The Roundup: The Circle & Beyond

By Jonathan G. Lee

Hello! It’s Jon again with your weekly Circle Roundup. Today’s Roundup reminds you to exercise your franchise. Register to vote. It won’t take any longer than 1 minute and 34 seconds. You can make popcorn in 1 minute and 34 seconds. This election is going to be a truly historic one, no matter who wins, so make sure you go out and be a part of that history.

And with that, the Roundup!

Ahh, the Beautiful Game. Or as we Americans call it, soccer. Joshua Rivera reports on the latest trailer for FIFA 17, which focuses on the fans rather than the sport itself. Read Josh’s breakdown here.

Harold Goldberg previewed Mafia III for Playboy magazine (and online). Mafia III takes place in a fictional 1968 New Orleans during what historians call the Summer of Hate. Is this current election year yet another Summer of Hate? And why does Uncle Lou look like Donald Trump?

Alex Cranz previously reported that the Xbox One S plays games real good and plays video real good. Well, almost. There are two major issues with the console that are hamstringing its capability to play movies real good, currently disqualifying it from the small list of game consoles which also offer home entertainment. Read Alex’s full report here.

Virtual reality that you can carry around in your suitcase? Dan Ackerman reviewed the Acer Predator G1, a compact desktop that is reasonably priced and appropriately powerful. The G1 doesn’t excel at any particular point. It’s not the smallest VR desktop on the market, nor is it the cheapest, most customizable, or most powerful. It is, however, fun! With a design that doesn’t take itself too seriously and enough juice to play any new game on high settings, it’s a solid choice if you’re looking for a new rig to by over the holidays. Read Dan’s full review here.

Palmer Luckey, the designer of the Oculus Rift and founder of Oculus VR, is a rare sort of genius. At only 24 years old, he has become the face of virtual reality and is already worth $700 million dollars. He is also, as Chelsea Stark reports, a supporter of Republican nominee Donald Trump. The /r/oculus subreddit was inflamed with drama last week when an article on the Daily Beast revealed that Luckey has been funding a pro-Trump group that spreads disparaging memes about Democratic nominee Hillary Clinton. Read Chelsea’s full report here.

Samit Sarkar reports that 38 Studios founder Curt Schilling agreed to pay a $2.5 million dollar settlement to Rhode Island. The story of 38 Studios is a long and troubled one, beginning with Schilling receiving a $75 million dollar loan from the state of Rhode Island to base the company in Providence with the understanding that this would bring more workers to the state and perhaps even build a domestic tech industry. The venture failed and with it came accusations of mismanagement. Though Schilling agreed to pay the settlement, he has not admitted to any liability. Read Samit’s full report here.

Finally, the New York Game Critics Circle were at the NY Games Conference yesterday! We had a fireside chat with Circle members Dan Ackerman, Christopher Byrd, Sara Clemens, and Sherri L. Smith moderated by our head honcho Harold Goldberg. Check out the posting here. The team always brings the energy and the audience was so engaged, the panel lasted twice as long as the schedule indicated. (Big thanks to Nix Hydra’s Lina Chen for suggesting us to conference organizers!)

And now for news outside of the Circle. . .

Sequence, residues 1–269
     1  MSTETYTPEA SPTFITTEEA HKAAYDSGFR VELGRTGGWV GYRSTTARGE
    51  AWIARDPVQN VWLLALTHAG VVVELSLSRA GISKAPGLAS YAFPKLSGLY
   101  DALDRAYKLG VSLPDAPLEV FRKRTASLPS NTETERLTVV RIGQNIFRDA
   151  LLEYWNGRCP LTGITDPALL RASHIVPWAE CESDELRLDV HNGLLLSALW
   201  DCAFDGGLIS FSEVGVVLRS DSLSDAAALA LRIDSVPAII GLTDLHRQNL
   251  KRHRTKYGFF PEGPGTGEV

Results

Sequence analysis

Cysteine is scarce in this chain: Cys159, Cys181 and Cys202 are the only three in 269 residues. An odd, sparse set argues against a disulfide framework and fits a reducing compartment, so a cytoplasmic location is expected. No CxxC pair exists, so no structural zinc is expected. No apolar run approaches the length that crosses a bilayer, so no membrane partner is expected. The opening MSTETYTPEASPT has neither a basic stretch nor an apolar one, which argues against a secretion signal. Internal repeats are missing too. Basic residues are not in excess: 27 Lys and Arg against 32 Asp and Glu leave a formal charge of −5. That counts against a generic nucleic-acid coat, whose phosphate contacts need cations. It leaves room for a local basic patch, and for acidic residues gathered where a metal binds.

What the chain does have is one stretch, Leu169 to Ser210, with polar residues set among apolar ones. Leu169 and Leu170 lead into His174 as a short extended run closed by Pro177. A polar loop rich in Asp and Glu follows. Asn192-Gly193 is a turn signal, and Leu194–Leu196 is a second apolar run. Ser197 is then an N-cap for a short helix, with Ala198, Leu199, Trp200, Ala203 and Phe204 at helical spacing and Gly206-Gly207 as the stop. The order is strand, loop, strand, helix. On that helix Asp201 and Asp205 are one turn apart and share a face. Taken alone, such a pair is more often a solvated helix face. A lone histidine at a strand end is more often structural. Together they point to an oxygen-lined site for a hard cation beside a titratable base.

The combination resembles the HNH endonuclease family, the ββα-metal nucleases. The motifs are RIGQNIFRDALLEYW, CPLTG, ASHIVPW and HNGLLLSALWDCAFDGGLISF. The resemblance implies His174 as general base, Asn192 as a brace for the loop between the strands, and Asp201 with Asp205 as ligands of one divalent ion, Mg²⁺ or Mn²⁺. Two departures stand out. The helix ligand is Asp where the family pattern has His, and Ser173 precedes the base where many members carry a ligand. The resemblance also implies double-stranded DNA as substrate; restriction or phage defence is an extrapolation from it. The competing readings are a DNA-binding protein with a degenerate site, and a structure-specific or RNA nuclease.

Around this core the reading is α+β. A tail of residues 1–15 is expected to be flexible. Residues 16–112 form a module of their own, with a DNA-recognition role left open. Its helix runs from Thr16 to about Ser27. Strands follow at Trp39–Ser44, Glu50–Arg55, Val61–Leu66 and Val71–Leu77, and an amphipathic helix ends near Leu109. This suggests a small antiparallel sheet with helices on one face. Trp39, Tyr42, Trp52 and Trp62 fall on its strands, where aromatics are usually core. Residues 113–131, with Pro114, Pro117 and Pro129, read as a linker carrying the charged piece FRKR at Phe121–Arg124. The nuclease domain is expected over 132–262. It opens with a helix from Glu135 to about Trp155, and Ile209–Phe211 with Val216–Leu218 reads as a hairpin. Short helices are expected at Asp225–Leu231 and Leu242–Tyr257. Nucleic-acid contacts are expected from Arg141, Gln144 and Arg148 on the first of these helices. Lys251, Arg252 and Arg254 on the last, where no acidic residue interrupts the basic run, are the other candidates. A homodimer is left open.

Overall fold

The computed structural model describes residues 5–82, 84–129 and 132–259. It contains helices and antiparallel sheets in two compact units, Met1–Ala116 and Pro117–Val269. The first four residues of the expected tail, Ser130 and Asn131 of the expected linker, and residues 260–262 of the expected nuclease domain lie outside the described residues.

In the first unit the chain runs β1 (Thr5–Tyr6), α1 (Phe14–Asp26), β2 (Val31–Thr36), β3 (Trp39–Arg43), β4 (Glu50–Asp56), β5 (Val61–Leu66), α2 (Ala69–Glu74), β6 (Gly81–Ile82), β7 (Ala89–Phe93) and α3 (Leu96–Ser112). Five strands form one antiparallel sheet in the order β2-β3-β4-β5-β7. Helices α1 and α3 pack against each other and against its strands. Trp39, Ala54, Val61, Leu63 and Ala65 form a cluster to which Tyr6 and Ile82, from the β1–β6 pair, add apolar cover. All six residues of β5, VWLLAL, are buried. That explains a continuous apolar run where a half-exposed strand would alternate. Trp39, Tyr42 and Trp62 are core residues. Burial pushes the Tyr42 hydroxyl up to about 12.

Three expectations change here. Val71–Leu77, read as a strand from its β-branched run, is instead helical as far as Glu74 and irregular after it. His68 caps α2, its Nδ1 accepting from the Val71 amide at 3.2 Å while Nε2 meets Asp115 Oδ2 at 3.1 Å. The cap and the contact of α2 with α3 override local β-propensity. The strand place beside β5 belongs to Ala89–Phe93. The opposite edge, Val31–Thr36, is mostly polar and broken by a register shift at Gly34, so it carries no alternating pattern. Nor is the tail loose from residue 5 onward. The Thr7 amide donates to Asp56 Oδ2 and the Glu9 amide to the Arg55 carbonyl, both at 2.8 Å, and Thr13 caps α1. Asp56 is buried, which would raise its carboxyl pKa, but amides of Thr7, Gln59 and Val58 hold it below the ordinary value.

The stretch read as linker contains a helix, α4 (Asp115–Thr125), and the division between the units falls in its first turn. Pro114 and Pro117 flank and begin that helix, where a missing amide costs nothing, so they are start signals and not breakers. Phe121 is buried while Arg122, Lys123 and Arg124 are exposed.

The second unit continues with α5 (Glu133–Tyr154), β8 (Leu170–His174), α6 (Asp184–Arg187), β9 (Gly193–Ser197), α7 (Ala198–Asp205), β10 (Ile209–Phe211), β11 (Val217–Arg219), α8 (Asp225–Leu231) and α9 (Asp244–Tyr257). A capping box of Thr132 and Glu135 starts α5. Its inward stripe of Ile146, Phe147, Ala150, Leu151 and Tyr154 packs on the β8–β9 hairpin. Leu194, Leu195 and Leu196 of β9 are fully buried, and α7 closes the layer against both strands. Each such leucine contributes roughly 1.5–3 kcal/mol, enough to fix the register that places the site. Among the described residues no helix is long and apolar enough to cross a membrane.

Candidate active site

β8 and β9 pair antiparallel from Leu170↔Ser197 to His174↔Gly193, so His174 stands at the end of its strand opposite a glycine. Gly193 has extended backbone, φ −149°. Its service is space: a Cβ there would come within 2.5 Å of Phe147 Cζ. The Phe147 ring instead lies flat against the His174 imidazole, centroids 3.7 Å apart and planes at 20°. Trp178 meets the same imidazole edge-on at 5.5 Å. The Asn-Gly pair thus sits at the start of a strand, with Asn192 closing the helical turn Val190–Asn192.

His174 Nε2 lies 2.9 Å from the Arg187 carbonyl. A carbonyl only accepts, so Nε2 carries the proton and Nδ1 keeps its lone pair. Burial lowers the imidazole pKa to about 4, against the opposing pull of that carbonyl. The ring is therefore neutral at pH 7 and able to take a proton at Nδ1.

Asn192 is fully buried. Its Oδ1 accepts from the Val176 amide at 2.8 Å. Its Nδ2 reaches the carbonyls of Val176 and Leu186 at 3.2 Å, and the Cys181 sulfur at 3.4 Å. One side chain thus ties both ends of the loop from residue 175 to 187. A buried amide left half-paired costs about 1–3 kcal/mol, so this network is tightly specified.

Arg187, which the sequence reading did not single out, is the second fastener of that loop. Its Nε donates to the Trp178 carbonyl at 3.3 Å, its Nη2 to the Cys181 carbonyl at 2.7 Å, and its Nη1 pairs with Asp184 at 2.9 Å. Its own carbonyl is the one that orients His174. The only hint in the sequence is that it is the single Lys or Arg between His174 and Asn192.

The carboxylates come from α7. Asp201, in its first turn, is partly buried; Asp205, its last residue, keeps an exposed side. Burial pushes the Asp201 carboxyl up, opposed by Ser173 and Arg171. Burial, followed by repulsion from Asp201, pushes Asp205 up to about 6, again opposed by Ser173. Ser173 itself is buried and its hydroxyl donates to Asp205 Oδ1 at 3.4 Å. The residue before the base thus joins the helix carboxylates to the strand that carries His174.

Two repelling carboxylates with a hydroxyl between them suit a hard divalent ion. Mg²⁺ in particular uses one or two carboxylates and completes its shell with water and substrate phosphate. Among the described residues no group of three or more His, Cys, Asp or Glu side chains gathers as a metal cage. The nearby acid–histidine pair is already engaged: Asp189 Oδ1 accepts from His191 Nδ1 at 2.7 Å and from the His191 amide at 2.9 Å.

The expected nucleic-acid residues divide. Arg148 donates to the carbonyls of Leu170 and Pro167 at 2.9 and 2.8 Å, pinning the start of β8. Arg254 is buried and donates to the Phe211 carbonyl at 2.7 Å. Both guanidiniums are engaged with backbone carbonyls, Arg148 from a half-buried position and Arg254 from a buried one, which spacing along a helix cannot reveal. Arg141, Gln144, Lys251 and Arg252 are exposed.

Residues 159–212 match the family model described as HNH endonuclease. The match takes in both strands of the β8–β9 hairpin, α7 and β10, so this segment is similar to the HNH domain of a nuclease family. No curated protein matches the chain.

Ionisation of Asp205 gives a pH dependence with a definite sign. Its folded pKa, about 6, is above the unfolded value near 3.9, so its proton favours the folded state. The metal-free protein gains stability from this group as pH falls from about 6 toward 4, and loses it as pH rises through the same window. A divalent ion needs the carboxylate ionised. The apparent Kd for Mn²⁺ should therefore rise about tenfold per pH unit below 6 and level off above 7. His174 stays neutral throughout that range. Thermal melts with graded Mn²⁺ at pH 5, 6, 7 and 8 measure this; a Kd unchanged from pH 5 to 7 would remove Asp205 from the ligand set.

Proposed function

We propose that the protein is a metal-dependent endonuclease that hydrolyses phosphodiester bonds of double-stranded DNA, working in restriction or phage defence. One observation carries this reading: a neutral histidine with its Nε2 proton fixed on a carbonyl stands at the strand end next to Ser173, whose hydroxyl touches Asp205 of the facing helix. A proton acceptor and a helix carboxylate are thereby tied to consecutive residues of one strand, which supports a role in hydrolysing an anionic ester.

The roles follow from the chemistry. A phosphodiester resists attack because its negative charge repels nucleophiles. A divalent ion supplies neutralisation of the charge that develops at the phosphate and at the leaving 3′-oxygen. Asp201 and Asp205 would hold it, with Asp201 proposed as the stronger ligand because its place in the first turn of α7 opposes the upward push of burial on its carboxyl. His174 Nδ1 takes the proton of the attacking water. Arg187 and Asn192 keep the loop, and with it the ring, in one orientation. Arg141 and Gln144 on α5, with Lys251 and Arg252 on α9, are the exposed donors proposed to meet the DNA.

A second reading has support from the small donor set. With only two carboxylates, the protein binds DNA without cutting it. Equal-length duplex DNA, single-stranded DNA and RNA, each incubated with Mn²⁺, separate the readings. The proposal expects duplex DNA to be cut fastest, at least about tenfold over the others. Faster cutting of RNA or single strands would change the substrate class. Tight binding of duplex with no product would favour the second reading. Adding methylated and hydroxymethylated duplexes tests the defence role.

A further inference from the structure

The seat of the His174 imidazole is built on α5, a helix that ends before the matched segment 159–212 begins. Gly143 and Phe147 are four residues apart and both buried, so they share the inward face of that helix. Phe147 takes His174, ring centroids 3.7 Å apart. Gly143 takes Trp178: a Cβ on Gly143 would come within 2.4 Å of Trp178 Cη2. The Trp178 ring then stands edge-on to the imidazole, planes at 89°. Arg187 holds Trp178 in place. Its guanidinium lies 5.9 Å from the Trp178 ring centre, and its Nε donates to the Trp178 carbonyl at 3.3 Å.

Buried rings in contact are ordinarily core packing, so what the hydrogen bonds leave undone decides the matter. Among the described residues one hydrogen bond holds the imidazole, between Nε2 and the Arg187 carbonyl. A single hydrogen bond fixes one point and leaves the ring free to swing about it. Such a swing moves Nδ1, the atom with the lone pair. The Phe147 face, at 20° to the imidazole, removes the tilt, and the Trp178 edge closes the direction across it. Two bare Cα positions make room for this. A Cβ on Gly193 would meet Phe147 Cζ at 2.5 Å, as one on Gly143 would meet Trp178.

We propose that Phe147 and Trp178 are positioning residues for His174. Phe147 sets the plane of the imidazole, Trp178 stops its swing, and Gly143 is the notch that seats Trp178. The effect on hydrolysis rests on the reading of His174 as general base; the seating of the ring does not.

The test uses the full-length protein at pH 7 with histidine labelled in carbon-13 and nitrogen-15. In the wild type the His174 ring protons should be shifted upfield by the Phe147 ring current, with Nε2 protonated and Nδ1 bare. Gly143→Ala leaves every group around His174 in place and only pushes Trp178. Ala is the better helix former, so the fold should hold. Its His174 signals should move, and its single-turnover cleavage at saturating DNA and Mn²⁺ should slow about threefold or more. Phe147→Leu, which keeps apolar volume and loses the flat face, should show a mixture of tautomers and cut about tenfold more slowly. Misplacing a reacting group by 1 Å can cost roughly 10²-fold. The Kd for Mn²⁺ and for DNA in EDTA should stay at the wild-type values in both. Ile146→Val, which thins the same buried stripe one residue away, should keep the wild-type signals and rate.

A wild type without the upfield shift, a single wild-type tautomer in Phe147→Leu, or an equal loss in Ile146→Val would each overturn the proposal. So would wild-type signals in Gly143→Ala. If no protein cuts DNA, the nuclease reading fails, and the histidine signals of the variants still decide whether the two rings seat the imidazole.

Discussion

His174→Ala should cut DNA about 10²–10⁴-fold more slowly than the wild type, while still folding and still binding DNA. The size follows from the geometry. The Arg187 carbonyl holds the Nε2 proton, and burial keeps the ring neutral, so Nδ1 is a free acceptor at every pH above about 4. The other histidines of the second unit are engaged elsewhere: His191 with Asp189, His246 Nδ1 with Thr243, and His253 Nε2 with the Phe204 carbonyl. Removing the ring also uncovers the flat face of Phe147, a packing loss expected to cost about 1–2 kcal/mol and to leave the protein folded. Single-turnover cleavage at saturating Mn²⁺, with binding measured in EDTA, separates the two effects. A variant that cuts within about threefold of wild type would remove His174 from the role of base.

Jonathan Nolan, producer of the upcoming HBO show Westworld, spoke about how Red Dead Redemption and BioShock were big influences on the show. However, the gaming influence on Westworld goes far deeper than that. Westworld is based on the eponymous film from 1973 (which was based on the Michael Crichton tome). It features a high tech theme park where patrons can live out their wildest fantasies with androids that are indistinguishable from real human beings. Nolan says that can be seen as a metaphor for World of Warcraft. Read the full interview here.

Herald is an upcoming indie game about a merchant ship headed to the Eastern Colonies. Set in the 19th century, players take on the role of steward Devan Rensburg as he explores imperialism, race, class, and religion among a multicultural cast of passengers. Read more about it here.

In Wasteland 2, we sweated our asses off while fighting killer robots in Arizona and hostile militias in Los Angeles. Now pending another successful Kickstarter campaign, we’ll be freezing our asses off in Colorado fighting more rogue AI and fanatical highwaymen. inXile Entertainment just announced Wasteland 3 today with a new Kickstarter page. Read more about it here.

Destiny 2 is probably, maybe, hopefully getting a PC release. Journalists and fans alike have scoured sources all across the Internet to draw this educated conclusion. Yet again, this might be another console FPS series that I could finally get to play because asking me to FPS on a joypad is like asking me to jump rope with a tire. Read more here.

Battlerite is a new game that’s being classified as a “MOBA”, but really, it isn’t a MOBA. It’s servicing a niche that I’ve wanted to see fulfilled for years which is the Arena gameplay mode in World of Warcraft. For years, WoW PvPers has been asking Blizzard to make a standalone game inspired from WoW’s Arena mechanics without all the extra stuff they hate (leveling up, simultaneously trying to balance the classes for PvE, farming gear, etc). Well, Battlerite is that game, and according to Steam reviews, people love it. When a game can keep you “with a constantly clenched sphincter” for two hours, that’s a sign of great design. Read more about it here.

And that’s your Roundup! See ya next week!

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